After presenting the introduction and methodology of the study, Chapter 3 discusses the components of the grammar of Waray. In this chapter, the phonology of Waray, which includes the consonants and vowels, is discussed. The manner of articulation is divided into stop, fricative, nasal, lateral, flap and glides. The place of articulation is also divided as bilabial, labio-dental, alveolar, palatal, and velar, and glottal. In Chapter 4, the morphology is described. It is made clear in this chapter that the researcher subscribes to the idea that there is no clear-cut classification of words or parts of the words into nouns, adjectives, and verbs. Instead, like other Philippine languages, the interrelationship among roots, affixes, and particles and their use in the discourse determine their classification. This chapter also discusses noun, adjectives, and verb formation through CV and full reduplication, and it is found that the stem-based affixation is useful in simplifying the complex affixation system observed in the formation of Waray nouns, adjectives, and verbs. Chapter 5 presents the nominal marking systems, specifically the determiners and demontratives in Waray. Like other Philippine languages, determiners in Waray encode number (singular and plural), case (absolutive, ergative/genitive, and oblique/locative), and distinguish between common and personal nouns. Furthermore, the section shows that ha also works as a temporal indicator of present and future time. Chapter 6 discusses the pronominal system of Waray. Two categories of pronominals are presented: personal pronouns and demonstratives. There are four gramamtical functions of pronouns that are further discussed in this chapter: the absolutives, the ergatives, the genitives and possessives, and the obliques. As for the demonstratives, the three degrees of orientation (proximal, medial, and distal) are exemplified. The next chapter, Chapter 7, discusses the plurality that takes place in nouns through the use of the common noun determiner mga and the stem-forming affix ka-, like in other Philippine languages. These, in addition, provide examples of the stem- based affixation to form nouns in Waray. This chapter further shows examples of borrowed nouns found in the language, specifically from Spanish and English. What follows is the detailed discussion of Verbs in Chapter 8. As the case in Philippine languages, Chapter 8 specifically includes the focuses, aspects, and classes of Waray verbs. This classification of words is also shown through the stem-based affixation. Some other verb classes were also given emphasis in this chapter particularly the stative verbs, inchoative verbs, process verbs, grooming verbs, motion verbs, body posture verbs, birectional verbs, reciprocal verbs, activity verbs, pretense verbs, utterance verbs, perception verbs, emotion verbs, cognition verbs and nag- verbs. Chapter 9 presents the five categories of adjectives: degrees of gradation; affixation; syntactic properties; and semantic properties. Like in other Philippine languages, Waray adjectives are observed to be used as predicate adjectives with a pronominal complement and with an NP, attributive adjectives, moderate intensification and intensive intensification, and the comparative and superlative degrees of gradation. The section on morphological properties of adjectives shows sentences that exemplify bare or un-affixed. This chapter also provides illustrations of the semantic properties of adjectives that include the following: dimension; physical property; value; color; human propensity; speed, quantification, age and difficulty; and position, qualification, and similarity.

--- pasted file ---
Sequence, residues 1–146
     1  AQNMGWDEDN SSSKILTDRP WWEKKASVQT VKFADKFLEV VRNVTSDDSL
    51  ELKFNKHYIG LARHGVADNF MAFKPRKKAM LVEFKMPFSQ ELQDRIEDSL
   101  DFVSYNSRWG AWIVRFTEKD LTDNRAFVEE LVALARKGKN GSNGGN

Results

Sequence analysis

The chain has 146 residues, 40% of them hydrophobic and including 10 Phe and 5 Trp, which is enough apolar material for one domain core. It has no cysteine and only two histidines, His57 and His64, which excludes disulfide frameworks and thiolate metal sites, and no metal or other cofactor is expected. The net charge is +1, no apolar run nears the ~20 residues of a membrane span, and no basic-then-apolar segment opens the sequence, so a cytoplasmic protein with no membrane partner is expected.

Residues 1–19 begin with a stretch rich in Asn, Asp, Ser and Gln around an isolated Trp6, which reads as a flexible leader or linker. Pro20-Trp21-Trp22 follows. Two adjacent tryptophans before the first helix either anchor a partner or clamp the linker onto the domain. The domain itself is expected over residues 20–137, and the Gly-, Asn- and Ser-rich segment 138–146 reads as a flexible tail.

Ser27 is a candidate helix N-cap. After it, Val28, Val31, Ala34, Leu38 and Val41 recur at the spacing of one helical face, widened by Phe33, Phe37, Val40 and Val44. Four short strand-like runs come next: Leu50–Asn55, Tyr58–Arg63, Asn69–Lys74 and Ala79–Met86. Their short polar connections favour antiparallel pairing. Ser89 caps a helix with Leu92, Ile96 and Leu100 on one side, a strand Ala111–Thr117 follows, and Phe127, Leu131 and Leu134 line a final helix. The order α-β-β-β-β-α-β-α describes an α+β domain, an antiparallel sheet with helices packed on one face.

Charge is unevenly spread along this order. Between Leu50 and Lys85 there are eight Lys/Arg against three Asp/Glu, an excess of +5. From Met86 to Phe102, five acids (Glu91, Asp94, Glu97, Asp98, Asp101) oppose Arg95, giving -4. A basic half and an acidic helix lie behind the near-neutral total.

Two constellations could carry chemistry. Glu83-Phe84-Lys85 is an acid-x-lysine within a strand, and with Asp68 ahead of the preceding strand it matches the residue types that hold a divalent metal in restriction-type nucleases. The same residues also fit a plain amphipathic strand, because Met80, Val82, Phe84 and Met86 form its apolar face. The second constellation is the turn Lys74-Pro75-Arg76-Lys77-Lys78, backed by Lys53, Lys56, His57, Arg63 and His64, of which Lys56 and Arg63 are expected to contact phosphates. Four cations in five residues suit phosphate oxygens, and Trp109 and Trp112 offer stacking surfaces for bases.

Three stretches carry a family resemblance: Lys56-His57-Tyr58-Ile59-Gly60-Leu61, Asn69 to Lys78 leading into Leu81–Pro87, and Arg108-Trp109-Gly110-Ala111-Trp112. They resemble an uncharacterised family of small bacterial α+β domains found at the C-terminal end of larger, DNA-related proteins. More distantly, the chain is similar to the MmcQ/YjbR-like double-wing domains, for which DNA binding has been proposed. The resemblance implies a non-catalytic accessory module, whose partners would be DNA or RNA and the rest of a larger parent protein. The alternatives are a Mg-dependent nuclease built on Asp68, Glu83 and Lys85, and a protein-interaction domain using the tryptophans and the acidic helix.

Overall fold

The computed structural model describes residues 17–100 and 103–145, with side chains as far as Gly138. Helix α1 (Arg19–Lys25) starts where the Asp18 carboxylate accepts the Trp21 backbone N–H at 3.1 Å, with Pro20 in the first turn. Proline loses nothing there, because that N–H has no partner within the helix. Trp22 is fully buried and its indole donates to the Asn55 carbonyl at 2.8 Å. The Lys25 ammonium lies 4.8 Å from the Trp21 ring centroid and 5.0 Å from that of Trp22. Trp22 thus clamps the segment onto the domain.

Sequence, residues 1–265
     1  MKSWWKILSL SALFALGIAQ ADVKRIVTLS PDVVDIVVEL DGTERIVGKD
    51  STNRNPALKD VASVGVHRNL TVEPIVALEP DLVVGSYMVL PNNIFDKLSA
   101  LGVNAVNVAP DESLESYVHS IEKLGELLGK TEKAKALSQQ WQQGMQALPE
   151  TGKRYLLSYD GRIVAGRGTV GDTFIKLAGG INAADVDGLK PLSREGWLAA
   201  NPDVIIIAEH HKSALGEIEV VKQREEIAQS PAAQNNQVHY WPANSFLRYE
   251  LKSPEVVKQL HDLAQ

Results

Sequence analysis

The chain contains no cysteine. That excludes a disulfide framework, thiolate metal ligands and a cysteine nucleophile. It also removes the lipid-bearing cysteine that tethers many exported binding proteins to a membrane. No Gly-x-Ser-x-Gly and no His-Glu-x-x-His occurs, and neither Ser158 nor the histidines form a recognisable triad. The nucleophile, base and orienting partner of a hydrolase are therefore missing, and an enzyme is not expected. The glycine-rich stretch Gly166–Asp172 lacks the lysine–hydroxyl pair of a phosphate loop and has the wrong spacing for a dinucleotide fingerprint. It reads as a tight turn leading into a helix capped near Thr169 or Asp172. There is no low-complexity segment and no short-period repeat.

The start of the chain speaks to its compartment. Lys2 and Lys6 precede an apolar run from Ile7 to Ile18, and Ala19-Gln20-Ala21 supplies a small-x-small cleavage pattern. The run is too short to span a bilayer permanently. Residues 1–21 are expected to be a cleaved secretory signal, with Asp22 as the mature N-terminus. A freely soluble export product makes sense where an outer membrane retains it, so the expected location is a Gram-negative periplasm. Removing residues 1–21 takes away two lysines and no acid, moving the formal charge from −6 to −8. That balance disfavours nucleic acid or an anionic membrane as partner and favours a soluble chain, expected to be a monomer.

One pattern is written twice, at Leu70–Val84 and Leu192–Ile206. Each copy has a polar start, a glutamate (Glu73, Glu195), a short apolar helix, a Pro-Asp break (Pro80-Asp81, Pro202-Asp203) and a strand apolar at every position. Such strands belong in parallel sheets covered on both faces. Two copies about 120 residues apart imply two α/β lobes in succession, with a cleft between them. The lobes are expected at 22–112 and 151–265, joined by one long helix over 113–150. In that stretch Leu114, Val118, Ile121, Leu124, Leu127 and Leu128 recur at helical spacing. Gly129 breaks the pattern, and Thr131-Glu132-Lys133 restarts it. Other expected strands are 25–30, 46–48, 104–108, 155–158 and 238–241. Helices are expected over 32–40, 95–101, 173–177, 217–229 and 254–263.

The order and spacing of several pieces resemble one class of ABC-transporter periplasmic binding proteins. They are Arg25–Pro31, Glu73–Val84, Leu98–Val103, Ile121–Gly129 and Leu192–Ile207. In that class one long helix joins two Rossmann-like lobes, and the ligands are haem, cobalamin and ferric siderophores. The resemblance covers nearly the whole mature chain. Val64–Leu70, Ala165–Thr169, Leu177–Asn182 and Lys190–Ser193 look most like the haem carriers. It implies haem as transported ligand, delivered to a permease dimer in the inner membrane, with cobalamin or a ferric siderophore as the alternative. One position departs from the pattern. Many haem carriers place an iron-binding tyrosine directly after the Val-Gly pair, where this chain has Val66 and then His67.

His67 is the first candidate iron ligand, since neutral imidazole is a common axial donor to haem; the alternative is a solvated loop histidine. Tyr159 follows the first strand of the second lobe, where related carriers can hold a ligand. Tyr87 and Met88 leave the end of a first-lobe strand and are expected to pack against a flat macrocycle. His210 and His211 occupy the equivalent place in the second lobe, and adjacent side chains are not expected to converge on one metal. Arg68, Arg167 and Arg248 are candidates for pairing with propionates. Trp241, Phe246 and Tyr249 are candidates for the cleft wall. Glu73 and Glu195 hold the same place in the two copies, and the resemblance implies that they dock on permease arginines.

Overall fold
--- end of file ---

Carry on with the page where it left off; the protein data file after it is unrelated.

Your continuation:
Chapter 10 focuses in expounding the Waray lexical particles and adjuncts. The definitions and corresponding sample sentences which encompass the various categories of the lexical particles are modal, temporal, limiting, and emphatic. These are shown in the first part of this chapter. Chapter 10 also explains the manner, locative, temporal, frequency and simultaneity, all of which are categories of adjuncts. Additionally, Chapter 11 presents the different numeral xxii expressions in Waray, which are used today, specifically the cardinals, ordinal distributives, and multiplicative. This chapter further explains the morphological and syntactic properties of the numerals of the language and the long numerals, which generally function as nominal modifiers and adjuncts.
Next, Chapter 12 illustrates connectors in Waray. Similar to some Philippine languages, the use of grammatical particles or ligatures is important in Waray language for they conjoin modifiers or specifiers to the subject. These ligatures or grammatical particles are ka, and nga. These connectors show how to use the different coordinators/conjunctions of Waray in divergent, convergent, and co-occuring conditions. Then, Chapter 13 discusses and presents several categories of Waray interrogatives that consist of the Yes/No, the Alternative, the Confirmation, and the Information questions. Finally, Chapter 14 presents the summary with the conclusion and the research opportunities in Waray.

Abstract Format






Accession Number


Shelf Location

Archives, The Learning Commons, 12F Henry Sy Sr. Hall

Physical Description

1 computer disc; 4 3/4 in.


Waray language; Philippines--Languages